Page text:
Germany – Tenants Protest Privatisations in Ruhr District


At November 24 Tenants associations and neighbourhood groups from Bochum, Dortmund, Essen, Gelsenkirchen, Herne, Oberhausen and Witten organized a protest against privatisation of rental housing in Dusseldorf, the capital of the German federal state North-Rhine-Westphalia. 150 representatives gathered in front of the federal parliament claiming for better legal protection of their housing rights, political support for their struggle against the shareholder value orientated sell out of company flats by the Viterra AG and demanded an end of speculation with rental homes of the miners and steel workers in the Ruhr District.

The Viterra AG is one of the largest landlords in Germany. Originally Viterra provided industrial and social housing and low costs for the employees if the coal mines and the steel and chemical industries. Whole neighbourhoods in the Ruhr district are composed by Viterra housing schemes. In the 90ies Viterra stopped any social orientation and developed economical strategies to increase the profits of their share holder, the E.on AG, a multinational energy trust, which nearly has a monopole on the German gas market. Mass sale of rental flats has become the main strategy to multiply the profit rates. The flats gets sold either directly to the tenants or final users themselves or to speculators who as well try to sell the flats to single owners. The flats get sold at market prizes, in the case of a speculative trde even at much more. A main calculation is that the tenants will get in panic, fearing a loss of their homes, and then buy at high prizes. While Viterra meanwhile politically was forced to accept some minimum standards in the case of direct privatisation the speculators often do not care about that at all. Although many of the tenants enjoy legal protection against fast evictions or can count on still existing rights of the industries agents of the speculators try to push them buy telling many lies about their rights and the low coasts of buying. Even the sale of only parts of the housing schemes lead to destruction of given social and urban structures. Colleagues become the landlord of their neighbour: This often breaks the traditional culture of solidarity and equality.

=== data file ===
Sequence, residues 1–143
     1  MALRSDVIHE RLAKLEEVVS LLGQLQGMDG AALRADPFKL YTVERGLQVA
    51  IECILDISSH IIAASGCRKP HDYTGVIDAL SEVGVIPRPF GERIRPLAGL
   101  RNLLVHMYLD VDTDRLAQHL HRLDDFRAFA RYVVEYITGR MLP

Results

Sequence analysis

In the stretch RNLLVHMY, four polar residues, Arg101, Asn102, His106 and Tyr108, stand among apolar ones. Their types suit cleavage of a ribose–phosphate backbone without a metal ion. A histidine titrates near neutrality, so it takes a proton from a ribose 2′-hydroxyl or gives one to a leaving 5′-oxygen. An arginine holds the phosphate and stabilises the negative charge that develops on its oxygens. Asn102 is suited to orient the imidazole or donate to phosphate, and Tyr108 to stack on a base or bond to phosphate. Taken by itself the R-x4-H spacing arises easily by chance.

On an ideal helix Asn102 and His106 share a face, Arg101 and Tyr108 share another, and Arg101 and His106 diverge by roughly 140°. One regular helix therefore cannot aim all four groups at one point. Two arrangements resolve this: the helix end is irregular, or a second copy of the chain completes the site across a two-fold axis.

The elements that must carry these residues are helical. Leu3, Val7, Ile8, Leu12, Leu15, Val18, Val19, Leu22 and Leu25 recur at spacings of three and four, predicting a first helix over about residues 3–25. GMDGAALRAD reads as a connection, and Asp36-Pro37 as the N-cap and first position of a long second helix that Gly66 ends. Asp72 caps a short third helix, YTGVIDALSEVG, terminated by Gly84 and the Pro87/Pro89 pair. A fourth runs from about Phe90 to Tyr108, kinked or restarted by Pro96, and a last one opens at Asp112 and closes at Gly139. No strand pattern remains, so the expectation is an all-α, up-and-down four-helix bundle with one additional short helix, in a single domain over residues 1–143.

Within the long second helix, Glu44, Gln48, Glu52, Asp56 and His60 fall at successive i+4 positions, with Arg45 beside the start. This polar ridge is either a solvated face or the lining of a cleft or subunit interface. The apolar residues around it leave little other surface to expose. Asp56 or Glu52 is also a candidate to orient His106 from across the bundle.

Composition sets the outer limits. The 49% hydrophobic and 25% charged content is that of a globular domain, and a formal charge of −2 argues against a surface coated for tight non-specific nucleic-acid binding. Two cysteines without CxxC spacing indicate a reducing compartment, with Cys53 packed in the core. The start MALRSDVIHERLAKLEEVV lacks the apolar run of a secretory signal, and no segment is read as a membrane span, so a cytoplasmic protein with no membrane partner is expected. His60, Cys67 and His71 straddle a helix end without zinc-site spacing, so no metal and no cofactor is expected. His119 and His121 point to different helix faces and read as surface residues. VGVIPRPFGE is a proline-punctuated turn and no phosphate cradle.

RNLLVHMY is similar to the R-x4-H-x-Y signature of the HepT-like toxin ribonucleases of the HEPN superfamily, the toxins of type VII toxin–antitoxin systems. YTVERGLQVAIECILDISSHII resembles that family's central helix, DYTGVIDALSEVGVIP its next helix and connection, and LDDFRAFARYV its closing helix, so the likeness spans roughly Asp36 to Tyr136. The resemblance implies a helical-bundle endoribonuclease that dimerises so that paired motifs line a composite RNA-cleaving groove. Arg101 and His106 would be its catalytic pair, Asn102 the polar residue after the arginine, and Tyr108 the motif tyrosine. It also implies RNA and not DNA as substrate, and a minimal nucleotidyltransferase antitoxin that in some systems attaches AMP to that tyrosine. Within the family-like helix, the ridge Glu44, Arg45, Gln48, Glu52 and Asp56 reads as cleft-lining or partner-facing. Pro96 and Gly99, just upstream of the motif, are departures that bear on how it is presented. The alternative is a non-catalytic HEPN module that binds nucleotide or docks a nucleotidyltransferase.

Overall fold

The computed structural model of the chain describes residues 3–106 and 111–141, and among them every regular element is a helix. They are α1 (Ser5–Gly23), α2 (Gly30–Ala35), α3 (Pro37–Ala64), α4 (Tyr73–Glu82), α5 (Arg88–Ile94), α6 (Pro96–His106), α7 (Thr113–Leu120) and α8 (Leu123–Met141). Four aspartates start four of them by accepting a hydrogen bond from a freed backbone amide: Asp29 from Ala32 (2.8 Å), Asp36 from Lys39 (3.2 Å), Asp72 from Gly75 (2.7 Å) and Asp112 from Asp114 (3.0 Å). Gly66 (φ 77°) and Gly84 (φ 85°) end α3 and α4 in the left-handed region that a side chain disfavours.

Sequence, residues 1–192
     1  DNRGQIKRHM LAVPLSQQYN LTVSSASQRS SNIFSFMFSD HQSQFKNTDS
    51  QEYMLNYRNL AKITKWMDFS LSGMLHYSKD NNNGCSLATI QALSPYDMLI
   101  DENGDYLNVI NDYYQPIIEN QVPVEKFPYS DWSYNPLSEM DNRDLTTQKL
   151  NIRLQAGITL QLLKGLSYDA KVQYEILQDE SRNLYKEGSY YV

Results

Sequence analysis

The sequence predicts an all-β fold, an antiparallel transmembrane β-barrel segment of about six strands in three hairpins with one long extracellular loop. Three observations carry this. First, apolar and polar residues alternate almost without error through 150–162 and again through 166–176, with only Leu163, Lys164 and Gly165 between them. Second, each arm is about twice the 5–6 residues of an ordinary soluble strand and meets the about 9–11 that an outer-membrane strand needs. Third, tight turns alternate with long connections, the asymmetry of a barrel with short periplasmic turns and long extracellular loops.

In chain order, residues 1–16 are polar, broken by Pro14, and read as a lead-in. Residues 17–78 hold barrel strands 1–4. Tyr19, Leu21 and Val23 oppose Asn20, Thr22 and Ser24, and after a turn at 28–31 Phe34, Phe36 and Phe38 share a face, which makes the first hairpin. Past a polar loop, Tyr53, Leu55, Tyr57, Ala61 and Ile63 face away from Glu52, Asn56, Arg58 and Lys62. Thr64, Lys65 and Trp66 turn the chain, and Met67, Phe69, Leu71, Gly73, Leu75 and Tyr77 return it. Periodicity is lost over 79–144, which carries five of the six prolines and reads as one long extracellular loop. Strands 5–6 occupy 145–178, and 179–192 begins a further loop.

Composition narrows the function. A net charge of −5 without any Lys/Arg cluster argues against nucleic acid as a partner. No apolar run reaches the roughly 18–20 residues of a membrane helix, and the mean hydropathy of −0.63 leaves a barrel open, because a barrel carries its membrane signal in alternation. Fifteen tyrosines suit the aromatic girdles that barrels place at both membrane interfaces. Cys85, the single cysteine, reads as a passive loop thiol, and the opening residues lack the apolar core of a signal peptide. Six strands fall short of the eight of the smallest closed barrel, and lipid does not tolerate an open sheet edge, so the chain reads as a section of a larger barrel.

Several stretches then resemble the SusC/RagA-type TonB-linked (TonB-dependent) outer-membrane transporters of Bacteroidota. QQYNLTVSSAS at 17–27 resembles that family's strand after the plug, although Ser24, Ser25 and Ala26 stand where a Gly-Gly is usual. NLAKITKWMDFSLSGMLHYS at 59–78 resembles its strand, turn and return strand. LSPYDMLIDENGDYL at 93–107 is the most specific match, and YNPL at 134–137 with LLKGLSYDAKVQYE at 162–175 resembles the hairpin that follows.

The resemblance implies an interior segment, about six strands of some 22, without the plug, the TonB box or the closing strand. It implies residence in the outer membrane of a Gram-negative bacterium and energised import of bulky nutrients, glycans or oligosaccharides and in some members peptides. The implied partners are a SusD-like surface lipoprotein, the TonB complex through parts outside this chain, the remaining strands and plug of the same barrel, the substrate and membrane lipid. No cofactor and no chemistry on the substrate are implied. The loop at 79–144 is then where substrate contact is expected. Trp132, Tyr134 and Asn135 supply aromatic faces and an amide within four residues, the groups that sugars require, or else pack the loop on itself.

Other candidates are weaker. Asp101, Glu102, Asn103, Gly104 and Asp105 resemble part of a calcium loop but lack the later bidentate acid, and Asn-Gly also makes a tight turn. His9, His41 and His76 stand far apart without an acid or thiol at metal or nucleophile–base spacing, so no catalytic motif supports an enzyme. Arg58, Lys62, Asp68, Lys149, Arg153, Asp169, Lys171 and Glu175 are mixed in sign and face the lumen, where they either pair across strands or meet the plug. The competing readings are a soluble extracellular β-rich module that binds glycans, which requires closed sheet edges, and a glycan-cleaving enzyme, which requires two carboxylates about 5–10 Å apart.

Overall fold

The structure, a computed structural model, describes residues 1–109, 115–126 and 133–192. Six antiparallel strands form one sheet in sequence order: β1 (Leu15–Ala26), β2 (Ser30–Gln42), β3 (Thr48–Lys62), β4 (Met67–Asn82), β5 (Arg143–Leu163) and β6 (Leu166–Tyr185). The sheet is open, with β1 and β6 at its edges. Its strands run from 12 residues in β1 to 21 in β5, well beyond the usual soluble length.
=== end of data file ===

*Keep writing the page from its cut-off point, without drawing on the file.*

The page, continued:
In Dusseldorf the housing speakers of the parliament and the federal housing minister promised to support the demands of the tenants. “Your goals are ours”, they said. “We try what we can. But we have no control over private property.” The tenants coalition called for reforms in national legislation and a federal programme which will enable local authorities to use all given instruments to get public influence on the processes of privatisation.

After these debates the tenants walked along the Rhine to the main office of E.on AG where the accused this corporation to be responsible for expulsions, speculation and unsecurity. They called the board of E.on to come out of their closed office building and directly discuss with the tenants. But all they did was to offer a negotiation of a delegation with one of the representatives of Viterra. The tenants denied to do so, because Viterra only is following the orders of the E.on trust.

E.on plans to sell the rest of Viterra to international investment funds or bring it to the stock exchange within next years. The Viterra Tenants Action Coalition will continue their struggle from the neighbourhood to the political levels.

At November 30 representatives of the tenants movements met with federal housing minister Vesper to discuss further concrete steps in order to improve the situation of the tenants. The meeting focused on possibilities given by specific contracts and legislations for miners’ homes. After the meeting Mr. Vesper again called the landlord corporations to commit themselves to social goals and measures.